Understanding the hepatitis disease

Testing for fibrosis Your doctor will determine whether your liver should be tested for fibrosis. Fibrosis is the first stage of liver scarring. The gold standard for testing for fibrosis is a liver biopsy.

Understanding the hepatitis disease

Why do some people become addicted to drugs while others don't?

With new hepatitis C drugs, the disease is curable in 90% or more of cases. By the time the disease reaches end stage, it can’t be reversed. . In his book "Winning the Hepatitis C Battle" author Shekhar Challa, M.D. provides a comprehensive, authoritative overview of the disease. Dr. Challa discusses the diagnosis of the disease, treatment options, potential complications, and even herbs and other alternative treatments/5(7). Most adults with hepatitis B get better, but a small percentage can't shake the disease and become carriers, which means they can spread it to others even when their own symptoms disappear. Hepatitis C. You get this type if you have contact with contaminated blood or needles used to inject illegal drugs or draw tattoos. Sometimes you don't get .

No one factor can predict if a person will become addicted to drugs. A combination of factors influences risk for addiction. The more risk factors a person has, the greater the chance that taking drugs can lead to addiction.

The genes that people are born with account for about half of a Understanding the hepatitis disease risk for addiction.

About hepatitis

Gender, ethnicity, and the presence of other mental disorders may also influence risk for drug use and addiction. Although taking drugs at any age can lead to addiction, the earlier that drug use begins, the more likely it will progress to addiction.

This is particularly problematic for teens. Because areas in their brains that control decision-making, judgment, and self-control are still developing, teens may be especially prone to risky behaviors, including trying drugs.

Can drug addiction be cured or prevented?

Understanding the hepatitis disease

However, addiction is treatable and can be successfully managed. People who are recovering from an addiction will be at risk for relapse for years and possibly for their whole lives. Research shows that combining addiction treatment medicines with behavioral therapy ensures the best chance of success for most patients.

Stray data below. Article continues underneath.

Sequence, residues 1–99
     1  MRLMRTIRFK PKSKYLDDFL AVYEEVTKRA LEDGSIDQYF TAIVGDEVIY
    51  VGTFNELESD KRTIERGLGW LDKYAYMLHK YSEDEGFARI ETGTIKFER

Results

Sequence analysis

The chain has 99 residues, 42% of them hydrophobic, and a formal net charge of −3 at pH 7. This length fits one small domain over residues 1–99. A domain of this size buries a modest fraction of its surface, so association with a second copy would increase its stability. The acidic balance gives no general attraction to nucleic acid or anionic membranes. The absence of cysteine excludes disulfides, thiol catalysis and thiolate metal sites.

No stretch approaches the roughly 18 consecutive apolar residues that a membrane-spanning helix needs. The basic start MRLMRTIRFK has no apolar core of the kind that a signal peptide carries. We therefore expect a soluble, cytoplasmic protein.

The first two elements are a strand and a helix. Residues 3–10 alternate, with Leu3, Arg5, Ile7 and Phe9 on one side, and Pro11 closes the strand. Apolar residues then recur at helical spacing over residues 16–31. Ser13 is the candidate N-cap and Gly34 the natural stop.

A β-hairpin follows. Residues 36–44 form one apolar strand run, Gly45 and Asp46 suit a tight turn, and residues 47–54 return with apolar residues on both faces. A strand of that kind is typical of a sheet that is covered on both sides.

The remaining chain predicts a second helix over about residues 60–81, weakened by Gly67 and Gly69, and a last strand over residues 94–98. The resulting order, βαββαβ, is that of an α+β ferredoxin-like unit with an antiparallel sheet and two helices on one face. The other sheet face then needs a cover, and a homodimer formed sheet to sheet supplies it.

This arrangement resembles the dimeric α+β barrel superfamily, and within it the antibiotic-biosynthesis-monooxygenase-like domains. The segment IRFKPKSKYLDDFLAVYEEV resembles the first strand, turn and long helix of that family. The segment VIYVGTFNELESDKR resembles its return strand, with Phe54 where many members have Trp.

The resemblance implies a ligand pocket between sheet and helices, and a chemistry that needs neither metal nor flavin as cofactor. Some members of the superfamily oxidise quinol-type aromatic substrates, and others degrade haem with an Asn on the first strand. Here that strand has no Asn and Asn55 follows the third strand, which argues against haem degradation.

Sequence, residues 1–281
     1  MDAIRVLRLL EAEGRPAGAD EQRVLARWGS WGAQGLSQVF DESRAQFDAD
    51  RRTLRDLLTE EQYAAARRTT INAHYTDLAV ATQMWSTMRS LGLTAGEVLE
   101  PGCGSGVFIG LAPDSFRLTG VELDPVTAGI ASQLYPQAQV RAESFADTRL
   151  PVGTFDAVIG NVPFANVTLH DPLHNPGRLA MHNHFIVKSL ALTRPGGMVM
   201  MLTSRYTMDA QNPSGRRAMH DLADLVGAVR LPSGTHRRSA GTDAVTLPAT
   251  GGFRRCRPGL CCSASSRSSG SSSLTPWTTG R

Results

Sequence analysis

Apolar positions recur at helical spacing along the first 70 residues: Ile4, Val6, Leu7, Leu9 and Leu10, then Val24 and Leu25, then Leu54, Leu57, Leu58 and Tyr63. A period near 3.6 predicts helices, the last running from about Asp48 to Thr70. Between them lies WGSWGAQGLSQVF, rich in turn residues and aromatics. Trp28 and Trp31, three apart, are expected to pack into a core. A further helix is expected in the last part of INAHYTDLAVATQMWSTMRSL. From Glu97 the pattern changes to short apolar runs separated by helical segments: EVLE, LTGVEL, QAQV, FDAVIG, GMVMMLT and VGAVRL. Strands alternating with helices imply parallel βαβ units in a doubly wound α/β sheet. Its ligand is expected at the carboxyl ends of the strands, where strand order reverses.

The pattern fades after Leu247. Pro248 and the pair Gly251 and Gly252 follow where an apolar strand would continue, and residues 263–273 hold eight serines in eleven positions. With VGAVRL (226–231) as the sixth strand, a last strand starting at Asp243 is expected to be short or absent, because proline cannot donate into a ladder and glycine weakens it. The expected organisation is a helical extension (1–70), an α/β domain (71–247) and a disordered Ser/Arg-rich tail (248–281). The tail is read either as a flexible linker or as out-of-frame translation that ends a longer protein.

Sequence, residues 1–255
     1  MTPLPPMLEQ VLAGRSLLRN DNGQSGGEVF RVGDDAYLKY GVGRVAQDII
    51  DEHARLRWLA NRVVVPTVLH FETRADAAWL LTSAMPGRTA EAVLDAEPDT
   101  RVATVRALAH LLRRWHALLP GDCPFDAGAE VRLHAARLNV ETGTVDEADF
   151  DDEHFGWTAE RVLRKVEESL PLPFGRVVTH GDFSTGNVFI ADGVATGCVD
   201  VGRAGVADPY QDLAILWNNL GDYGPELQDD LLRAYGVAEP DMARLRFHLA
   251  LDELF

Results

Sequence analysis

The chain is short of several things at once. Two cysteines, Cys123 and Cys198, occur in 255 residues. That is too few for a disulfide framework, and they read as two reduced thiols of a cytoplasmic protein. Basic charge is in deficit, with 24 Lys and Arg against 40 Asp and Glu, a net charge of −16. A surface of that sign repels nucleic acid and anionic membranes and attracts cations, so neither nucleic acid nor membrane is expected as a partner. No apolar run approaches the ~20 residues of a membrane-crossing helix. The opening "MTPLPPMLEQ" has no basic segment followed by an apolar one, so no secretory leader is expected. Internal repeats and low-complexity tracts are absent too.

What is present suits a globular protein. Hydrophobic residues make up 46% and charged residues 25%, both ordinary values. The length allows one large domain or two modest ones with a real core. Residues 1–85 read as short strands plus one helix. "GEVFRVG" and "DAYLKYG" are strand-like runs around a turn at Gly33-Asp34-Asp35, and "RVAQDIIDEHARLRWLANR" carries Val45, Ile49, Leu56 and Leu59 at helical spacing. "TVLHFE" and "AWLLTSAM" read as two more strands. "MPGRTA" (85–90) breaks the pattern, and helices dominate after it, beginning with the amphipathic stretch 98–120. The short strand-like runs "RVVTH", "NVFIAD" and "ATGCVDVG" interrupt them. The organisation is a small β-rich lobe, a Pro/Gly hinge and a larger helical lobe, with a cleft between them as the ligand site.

Results from NIDA-funded research have shown that prevention programs involving families, schools, communities, and the media are effective for preventing or reducing drug use and addiction. Although personal events and cultural factors affect drug use trends, when young people view drug use as harmful, they tend to decrease their drug taking.

Therefore, education and outreach are key in helping people understand the possible risks of drug use. Teachers, parents, and health care providers have crucial roles in educating young people and preventing drug use and addiction.

Points to Remember Drug addiction is a chronic disease characterized by drug seeking and use that is compulsive, or difficult to control, despite harmful consequences.

This is why drug addiction is also a relapsing disease. Relapse is the return to drug use after an attempt to stop. Relapse indicates the need for more or different treatment. Most drugs affect the brain's reward circuit by flooding it with the chemical messenger dopamine.

Surges of dopamine in the reward circuit cause the reinforcement of pleasurable but unhealthy activities, leading people to repeat the behavior again and again. Over time, the brain adjusts to the excess dopamine, which reduces the high that the person feels compared to the high they felt when first taking the drug—an effect known as tolerance.

They might take more of the drug, trying to achieve the same dopamine high. No single factor can predict whether a person will become addicted to drugs. A combination of genetic, environmental, and developmental factors influences risk for addiction.

Drug addiction is treatable and can be successfully managed. More good news is that drug use and addiction are preventable.Understanding Hepatitis - What is viral hepatitis?Viral hepatitis is an inflammation of the liver caused by one of several viruses: hepatitis A, B, C (formerly known as non-A, non-B), D, E and G.

Things other than viruses can also cause hepatitis or inflammation of the liver. To get a better understanding of how many people this represents, I thought it would be useful to compare the number of people living with chronic viral hepatitis nationwide to the total number of people living in Washington, D.C., and other places.

Symptoms of all types of viral hepatitis are similar and can include one or more of the following: • Persons with chronic liver disease, including HCV-infected persons with chronic liver disease • Persons with HIV infection • Persons with end-stage renal disease. Hepatitis C is a viral infection that can cause liver disease and inflammation (swelling and scarring) of the liver.

There are several types of hepatitis. The most common are hepatitis A, hepatitis B, and hepatitis C. Viral hepatitis refers to hepatitis caused by a few specific viruses that primarily attack the liver. Hepatitis symptoms include loss of appetite, nausea, vomiting, fever, weakness, tiredness, and abdominal pain.

Learn about different types and treatments. The esophagus is the muscular tube that carries food and liquids from your mouth to the stomach.

You may not be aware of your esophagus until you swallow something too large, too hot, or too cold.

DrugFacts: Understanding Drug Use and Addiction | National Institute on Drug Abuse (NIDA)